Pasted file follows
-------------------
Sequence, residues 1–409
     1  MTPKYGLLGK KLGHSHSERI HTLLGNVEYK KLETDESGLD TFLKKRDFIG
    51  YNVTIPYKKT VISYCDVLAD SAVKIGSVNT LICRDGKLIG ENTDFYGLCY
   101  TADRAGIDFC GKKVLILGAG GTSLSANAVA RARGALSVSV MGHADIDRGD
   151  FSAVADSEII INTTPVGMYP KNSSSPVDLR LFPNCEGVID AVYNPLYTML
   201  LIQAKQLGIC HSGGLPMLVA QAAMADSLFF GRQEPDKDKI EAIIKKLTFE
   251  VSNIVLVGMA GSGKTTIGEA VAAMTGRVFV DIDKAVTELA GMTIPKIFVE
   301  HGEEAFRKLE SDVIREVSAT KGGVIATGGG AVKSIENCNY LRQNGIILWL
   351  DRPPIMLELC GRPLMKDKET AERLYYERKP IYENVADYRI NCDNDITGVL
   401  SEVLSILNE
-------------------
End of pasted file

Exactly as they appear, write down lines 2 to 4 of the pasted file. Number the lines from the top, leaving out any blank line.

     1  MTPKYGLLGK KLGHSHSERI HTLLGNVEYK KLETDESGLD TFLKKRDFIG
    51  YNVTIPYKKT VISYCDVLAD SAVKIGSVNT LICRDGKLIG ENTDFYGLCY
   101  TADRAGIDFC GKKVLILGAG GTSLSANAVA RARGALSVSV MGHADIDRGD